FIG. 2 shows a view corresponding to FIG. 1 during the end phase of the method according to the invention, and
FIG. 3 shows the variation with time of the temperature of the internally supported end section of the pipe during the heating operation in the manner according to the invention.
The following description starts from a previously fabricated pipe of biaxially oriented polyvinyl chloride having a smooth, cylindrical wall, which is to be provided with a socket.
The apparatus 10 shown in FIGS. 1 and 2 enables a socket to be formed on a biaxially oriented pipe 11, the socket being provided directly with an elastic sealing ring 12.
The apparatus 10 comprises a hollow cylindrical mandrel 13 which is open at one end. The mandrel 13 has a support section 14, a transition section 15 and a socket-forming section 16. The socket-forming section 16 is provided with a circumferential groove 17 on the outside. The apparatus 10 further comprises a support ring 18 which can slide over the socket-forming section 16. For the purpose of heating and subsequent cooling of the end section of the pipe 11 to be processed, the apparatus comprises a heating device 20 and a cooling device 22.
The fabrication of a socket with sealing ring by means of the apparatus shown in FIGS. 1 and 2 proceeds as follows. First the sealing ring 12 is pushed over the mandrel 13 unit it comes to lie in the relatively shallow groove 17. The support ring 18 bears against that side of the sealing ring 12 which faces away from the insertion side of the mandrel 13. Then the support section 14 is inserted, for example by a double-acting hydraulic cylinder (not shown), into the end section of the pipe 11.
When the end section of the pipe 11 is supported internally by the support section 14 of the mandrel 13, said pipe end section is heated by means of the heating device 20. If required it is possible, via the support section 14 of the mandrel 13, to effect internal heating of the end section of the pipe 11. The internal support by the support section 14 prevents shrinkage, in a radial direction, of the pipe 11 whose plastic material, under the influence of the heating, is trying to revert to the state of the plastic material prior to being oriented biaxially. Some shrinkage in the heated end section does occur in the axial direction. This axial shrinkage of the end section is advantageous, however, because it is thus possible to compensate for the wall becoming thinner in the socket region as a result of the radial expansion yet to be effected.
When the end section of the pipe 11 has been suitably heated, the mandrel 13 is pushed further into the pipe 11. At the moment when the sealing ring 12 comes up against the pipe 11, the pipe 11 will be further expanded by the sealing ring 12. The sealing ring 12 is supported, in the process, by the support ring 18 which moves in tandem with the mandrel 13. As a result, the pipe 11 slides over the sealing ring 12 and subsequently over the support ring 18 situated behind it. As soon as the intended position of the socket-forming section 16 in the tube 11 has been reached, the support ring 18 is drawn backwards out of the pipe 11, by means which are likwise not shown, to the position shown in FIG. 2. Because the biaxially oriented pipe 11 is still warm and therefore has a tendency to shrink in a radial direction, the pipe 11 automatically comes to lie, in the state shown in FIG. 2, against the socket-forming section 16 and then traps the sealing ring 12. Then the end section, still internally supported, of the pipe 11 can be cooled by means of the cooling device 22 and/or by the cooling the mandrel 13. Finally, the mandrel 13 can be pulled from the pipe 11 in its entirety, the sealing ring 12 disengaging from the shallow groove 17 of the mandrel 13 and remaining behind in the socket formed.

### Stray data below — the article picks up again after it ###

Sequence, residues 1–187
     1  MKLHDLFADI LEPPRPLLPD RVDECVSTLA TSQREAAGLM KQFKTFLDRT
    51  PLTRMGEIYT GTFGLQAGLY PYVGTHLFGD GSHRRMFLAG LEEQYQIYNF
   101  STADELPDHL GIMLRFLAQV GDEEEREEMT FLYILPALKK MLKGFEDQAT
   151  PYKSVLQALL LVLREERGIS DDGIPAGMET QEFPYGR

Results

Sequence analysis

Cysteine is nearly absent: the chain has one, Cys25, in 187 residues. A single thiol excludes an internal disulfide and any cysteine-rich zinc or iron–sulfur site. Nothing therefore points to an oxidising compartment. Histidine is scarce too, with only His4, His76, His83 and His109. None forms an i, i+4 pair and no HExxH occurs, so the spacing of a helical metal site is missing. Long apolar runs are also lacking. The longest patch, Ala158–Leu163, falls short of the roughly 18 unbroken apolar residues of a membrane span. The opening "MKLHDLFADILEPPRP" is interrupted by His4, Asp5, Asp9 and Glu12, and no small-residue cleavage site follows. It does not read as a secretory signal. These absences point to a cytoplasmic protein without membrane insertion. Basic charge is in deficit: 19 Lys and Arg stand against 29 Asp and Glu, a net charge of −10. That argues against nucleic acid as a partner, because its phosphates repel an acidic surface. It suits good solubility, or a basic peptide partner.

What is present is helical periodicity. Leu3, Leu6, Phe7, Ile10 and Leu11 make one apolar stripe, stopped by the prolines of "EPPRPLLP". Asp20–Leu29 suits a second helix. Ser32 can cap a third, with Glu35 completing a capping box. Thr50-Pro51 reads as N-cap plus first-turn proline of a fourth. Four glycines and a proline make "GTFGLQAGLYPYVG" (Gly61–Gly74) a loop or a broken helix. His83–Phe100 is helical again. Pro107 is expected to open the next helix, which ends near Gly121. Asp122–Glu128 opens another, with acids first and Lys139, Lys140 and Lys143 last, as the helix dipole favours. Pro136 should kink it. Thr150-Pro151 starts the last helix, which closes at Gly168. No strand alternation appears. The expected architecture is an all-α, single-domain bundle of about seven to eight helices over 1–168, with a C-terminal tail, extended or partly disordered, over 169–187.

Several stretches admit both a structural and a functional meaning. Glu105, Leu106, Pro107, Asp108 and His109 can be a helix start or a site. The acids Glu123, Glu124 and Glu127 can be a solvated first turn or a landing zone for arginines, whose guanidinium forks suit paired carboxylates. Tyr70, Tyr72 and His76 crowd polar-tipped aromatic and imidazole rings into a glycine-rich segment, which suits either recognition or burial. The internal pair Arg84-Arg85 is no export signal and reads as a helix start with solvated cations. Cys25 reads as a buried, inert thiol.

The present invention provides for a special manner of heating the end section, internally supported by the support section 14, of the pipe 11. The variation in temperature against time, as preferentially aimed for, of the end section of the pipe 11 is shown in FIG. 3. In the first instance, the heating device 20 is set so as to reach an end section temperature which roughly corresponds to the glass transition temperature of polyvinyl chloride (about 80-85° C.). This setting of the heating device 20 is maintained for some time, to ensure that the end section of the pipe 11 is at this temperature as uniformly as possible. Only when it can be assumed that this is the case is the heating device 20 set so as to heat the end section of the pipe 11 to a higher temperature. The temperature ultimately to be reached for the end section of the pipe 11 preferably roughly corresponds, according to the invention, to the orientation temperature of polyvinyl chloride (about 110° C.), preferably slightly above, for example 120° C.
For that matter, once the end section of the pipe 11 has been heated uniformly to the glass transition temperature, it is important, when the end section is heated to a higher temperature, that the temperature differences in the wall of the end section of the pipe 11 be kept within limits. This can be done by the end section being heated stepwise, so that the end section will first uniformly have reached a particular temperature and will only then be heated further once more. Thus it is even possible for the end section to be heated to a higher temperature than is preferable according to the invention, for example to about 135-140° C. If the end section were to be heated in one step from the glass transition temperature to such a high temperature, the probability of cracking is high.
Although the mechanism involved is not entirely clear, the abovedescribed manner of heating is found to avoid the inception of undesirable stresses in the socket, which lead to cracking.
It is evident that in the process of forming the socket by the method according to the present invention, other mandrel designs may alternatively be used. One possibility, for example, is that of a radially expandable mandrel. Although certain presently preferred embodiments of the present invention have been specifically described herein, it will be apparent to those skilled in the art to which the invention pertains that variations and modifications of the various embodiments shown and described herein may be made without departing from the spirit and scope of the invention. Accordingly, it is intended that the invention be limited only to the extent required by the appended claims and the applicable rules of law.